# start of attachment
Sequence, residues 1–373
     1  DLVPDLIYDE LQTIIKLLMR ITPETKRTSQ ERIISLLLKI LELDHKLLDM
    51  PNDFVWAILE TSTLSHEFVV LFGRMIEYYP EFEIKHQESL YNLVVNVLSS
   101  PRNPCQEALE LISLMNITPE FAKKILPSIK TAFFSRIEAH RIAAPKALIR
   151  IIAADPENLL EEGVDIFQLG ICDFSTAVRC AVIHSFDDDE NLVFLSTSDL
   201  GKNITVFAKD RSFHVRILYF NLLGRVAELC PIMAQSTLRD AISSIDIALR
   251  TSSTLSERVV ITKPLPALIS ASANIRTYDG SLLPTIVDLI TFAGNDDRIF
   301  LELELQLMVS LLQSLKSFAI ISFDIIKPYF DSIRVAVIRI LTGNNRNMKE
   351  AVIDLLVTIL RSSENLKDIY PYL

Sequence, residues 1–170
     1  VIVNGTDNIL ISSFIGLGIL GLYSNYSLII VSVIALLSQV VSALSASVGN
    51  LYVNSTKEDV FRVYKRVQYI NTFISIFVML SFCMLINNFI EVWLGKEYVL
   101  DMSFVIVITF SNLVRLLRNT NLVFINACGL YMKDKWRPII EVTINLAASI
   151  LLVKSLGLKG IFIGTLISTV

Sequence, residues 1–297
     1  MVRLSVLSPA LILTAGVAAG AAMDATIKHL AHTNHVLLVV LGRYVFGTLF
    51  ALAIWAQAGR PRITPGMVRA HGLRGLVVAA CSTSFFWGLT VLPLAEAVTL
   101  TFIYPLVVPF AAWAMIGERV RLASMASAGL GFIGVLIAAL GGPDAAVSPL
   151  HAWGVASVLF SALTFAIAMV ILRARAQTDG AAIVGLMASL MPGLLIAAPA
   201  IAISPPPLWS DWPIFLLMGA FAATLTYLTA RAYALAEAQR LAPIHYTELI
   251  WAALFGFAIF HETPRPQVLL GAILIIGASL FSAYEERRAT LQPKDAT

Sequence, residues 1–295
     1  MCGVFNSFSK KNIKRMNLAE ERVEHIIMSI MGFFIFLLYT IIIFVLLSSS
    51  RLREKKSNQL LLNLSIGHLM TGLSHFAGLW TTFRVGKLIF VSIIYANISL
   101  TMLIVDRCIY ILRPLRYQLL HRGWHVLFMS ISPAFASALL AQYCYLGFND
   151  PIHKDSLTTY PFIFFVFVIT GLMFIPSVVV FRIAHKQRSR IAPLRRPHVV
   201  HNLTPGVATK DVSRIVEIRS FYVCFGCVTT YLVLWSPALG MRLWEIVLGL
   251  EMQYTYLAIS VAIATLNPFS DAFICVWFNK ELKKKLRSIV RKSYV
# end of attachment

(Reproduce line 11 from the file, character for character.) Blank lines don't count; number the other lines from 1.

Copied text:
     1  VIVNGTDNIL ISSFIGLGIL GLYSNYSLII VSVIALLSQV VSALSASVGN